Mahavira Jayanti


Jainism is a religion that has been revealed over time by a series of individuals known as Jina.* The most important Jain festival of the year is Mahavira Jayanti, held to celebrate the birth of the last Jina of the current age, Vardhamana—more commonly known as Mahavira, (‘great hero’).

Often erroneously described as its founder, Mahavira is regarded as the person who gave Jainism its present-day form. The exact time and place of his birth is debated, although it is traditionally established as 599 BCE in north-east India. Born to an aristocratic family who followed the principles established by the previous Jina, Parshva, he received a broad education. He married and had a child, but at the age of thirty, shortly after the death of his parents, he left his comfortable existence to become a sadhana, an ascetic who renounces worldly pleasure to become a seeker after truth.

For over twelve years he fasted and meditated, eventually achieving enlightenment. Henceforth he became known as Mahavira, spending the remaining years of his life teaching others. Like his predecessor, he emphasised non-violence (ahimsa), the prohibition of killing that is taken to great extremes by devoted believers.** He considered the most virtuous life to be that spent in fasting and meditation, as then one did not run the risk of injuring another living creature, even accidentally. Before he died his disciples established a community to carry on his teachings.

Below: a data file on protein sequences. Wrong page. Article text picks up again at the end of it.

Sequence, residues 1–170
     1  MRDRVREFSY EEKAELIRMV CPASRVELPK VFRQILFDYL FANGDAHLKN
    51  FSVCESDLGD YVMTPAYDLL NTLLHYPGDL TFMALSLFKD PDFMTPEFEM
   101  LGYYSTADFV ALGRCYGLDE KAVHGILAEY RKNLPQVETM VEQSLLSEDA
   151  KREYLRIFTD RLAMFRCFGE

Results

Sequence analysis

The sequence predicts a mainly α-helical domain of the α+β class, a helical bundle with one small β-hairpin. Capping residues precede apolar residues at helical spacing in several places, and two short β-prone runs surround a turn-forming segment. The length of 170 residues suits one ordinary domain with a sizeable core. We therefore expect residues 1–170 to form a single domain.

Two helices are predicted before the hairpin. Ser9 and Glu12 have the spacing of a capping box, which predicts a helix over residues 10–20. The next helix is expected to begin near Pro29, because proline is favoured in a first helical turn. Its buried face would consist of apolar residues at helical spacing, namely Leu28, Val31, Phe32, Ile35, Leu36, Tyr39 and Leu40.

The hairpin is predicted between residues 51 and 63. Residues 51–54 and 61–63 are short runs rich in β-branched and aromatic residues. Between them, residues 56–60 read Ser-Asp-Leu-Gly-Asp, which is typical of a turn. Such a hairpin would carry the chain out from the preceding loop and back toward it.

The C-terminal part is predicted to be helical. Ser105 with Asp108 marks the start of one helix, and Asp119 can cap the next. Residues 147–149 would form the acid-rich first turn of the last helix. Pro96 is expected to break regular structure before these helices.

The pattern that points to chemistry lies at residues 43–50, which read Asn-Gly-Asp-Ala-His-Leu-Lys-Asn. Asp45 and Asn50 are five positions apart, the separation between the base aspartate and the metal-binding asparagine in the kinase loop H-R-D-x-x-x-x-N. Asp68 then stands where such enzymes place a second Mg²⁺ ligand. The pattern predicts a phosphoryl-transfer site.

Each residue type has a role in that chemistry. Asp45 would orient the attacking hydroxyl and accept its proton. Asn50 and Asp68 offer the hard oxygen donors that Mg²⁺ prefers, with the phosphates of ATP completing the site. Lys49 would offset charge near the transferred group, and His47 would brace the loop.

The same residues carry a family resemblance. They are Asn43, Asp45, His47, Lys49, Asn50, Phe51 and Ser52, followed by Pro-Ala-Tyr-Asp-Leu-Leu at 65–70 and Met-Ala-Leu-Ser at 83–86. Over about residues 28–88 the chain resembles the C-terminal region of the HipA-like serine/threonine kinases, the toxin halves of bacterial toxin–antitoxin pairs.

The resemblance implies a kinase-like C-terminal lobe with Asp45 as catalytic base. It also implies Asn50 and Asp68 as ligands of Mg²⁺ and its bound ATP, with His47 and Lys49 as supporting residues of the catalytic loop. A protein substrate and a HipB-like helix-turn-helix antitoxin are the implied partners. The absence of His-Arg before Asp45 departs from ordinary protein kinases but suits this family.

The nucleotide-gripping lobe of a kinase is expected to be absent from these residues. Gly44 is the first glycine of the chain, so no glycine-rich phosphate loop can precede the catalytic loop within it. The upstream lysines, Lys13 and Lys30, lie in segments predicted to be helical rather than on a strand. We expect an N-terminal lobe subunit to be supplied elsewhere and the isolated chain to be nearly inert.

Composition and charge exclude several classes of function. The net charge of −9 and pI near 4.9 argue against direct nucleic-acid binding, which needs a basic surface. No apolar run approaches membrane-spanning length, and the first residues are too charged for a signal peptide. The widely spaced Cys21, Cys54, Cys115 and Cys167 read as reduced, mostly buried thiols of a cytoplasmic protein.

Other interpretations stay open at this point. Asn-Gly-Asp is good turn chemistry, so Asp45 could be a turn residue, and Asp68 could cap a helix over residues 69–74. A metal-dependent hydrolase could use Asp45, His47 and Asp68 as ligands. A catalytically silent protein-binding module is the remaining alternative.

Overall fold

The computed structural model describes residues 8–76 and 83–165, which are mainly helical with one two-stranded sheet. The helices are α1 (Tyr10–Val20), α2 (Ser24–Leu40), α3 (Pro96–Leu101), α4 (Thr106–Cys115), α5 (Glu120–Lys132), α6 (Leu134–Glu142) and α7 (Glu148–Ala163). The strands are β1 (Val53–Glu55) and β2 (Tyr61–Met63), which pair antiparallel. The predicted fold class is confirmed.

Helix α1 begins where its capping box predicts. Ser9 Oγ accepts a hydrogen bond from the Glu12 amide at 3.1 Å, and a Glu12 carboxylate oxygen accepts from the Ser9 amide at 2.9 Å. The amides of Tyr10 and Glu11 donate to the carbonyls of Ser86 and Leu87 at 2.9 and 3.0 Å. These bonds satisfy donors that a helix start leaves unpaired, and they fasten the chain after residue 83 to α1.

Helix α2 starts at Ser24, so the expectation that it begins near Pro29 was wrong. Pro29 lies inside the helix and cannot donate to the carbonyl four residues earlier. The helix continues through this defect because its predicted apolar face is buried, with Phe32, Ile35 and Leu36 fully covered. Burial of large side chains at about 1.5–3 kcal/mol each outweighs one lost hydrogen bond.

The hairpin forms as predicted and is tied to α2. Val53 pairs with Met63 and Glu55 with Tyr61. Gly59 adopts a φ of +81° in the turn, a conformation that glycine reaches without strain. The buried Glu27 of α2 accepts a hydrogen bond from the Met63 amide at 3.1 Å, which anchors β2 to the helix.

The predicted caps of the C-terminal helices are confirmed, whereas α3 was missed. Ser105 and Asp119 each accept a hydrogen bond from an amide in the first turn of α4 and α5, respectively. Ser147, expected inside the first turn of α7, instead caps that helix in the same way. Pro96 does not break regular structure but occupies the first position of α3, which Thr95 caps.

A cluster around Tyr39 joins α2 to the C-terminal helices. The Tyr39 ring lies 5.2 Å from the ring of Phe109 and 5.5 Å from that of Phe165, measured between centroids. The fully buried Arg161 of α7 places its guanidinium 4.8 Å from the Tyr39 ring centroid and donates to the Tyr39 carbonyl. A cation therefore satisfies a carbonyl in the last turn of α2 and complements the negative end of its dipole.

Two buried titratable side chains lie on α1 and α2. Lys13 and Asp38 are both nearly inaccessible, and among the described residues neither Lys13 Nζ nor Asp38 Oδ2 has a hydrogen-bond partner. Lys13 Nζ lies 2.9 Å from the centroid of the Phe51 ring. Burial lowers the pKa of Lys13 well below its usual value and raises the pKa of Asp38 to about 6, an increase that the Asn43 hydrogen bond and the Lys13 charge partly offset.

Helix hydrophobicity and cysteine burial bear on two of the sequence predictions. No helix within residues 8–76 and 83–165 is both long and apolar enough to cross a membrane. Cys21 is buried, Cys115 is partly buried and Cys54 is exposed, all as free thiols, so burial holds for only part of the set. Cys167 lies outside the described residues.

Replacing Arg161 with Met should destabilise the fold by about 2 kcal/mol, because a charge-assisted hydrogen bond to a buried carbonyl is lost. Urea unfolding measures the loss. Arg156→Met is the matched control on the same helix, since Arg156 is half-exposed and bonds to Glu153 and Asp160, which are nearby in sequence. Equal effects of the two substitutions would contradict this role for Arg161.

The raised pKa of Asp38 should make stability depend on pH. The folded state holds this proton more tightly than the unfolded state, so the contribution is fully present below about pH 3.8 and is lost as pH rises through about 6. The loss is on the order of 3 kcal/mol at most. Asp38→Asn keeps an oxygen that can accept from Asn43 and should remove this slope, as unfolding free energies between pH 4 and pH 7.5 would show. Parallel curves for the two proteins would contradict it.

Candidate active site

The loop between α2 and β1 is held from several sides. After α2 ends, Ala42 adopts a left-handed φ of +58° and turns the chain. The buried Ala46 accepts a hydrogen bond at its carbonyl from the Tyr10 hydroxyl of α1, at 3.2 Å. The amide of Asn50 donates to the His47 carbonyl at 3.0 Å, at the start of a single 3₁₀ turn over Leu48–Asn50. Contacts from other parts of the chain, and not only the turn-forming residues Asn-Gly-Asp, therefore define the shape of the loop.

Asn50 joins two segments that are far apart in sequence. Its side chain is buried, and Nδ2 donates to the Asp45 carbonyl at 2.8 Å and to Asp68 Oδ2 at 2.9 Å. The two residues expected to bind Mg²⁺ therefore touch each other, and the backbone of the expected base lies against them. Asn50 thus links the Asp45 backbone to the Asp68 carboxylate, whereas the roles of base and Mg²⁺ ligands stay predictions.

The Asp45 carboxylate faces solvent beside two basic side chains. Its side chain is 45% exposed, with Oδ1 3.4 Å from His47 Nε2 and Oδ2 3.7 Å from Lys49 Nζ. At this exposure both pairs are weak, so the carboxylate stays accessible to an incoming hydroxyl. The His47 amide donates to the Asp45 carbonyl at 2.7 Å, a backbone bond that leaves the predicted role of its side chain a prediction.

On Mahavira Jayanti, temples are festooned with flags. In the morning, a statue of the Jina is given a bath; it is then placed in a cradle and carried in a procession. Pageants are perfomed depicting episodes in Mahavira’s life and the festivities conclude with prayers and meditation.

*A word meaning ‘conqueror’ or ‘the victorious’, i.e. one who has conquered worldly passions by strenuous effort. Jinas are also known as tirthankara, ‘one who makes a ford’, i.e. shows others the way. Jainism as a religion is based on the principles taught by the various Jinas; followers of this dharma are known as Jaina. Tirthankaras appear in the world to teach humans the way to moksha or liberation; traditionally there are believed to have been 24 Jinas in the present age.
**For ordinary Jains, this means following a strict vegetarian diet. Certain root vegetables are also prohibited, as pulling them from the ground could lead to the death of soil-living creatures. In addition, Jain monks may be observed sweeping a path before them so as to avoid treading on anything, or wearing a cloth over their mouths to ensure that no flying insects are accidentally swallowed.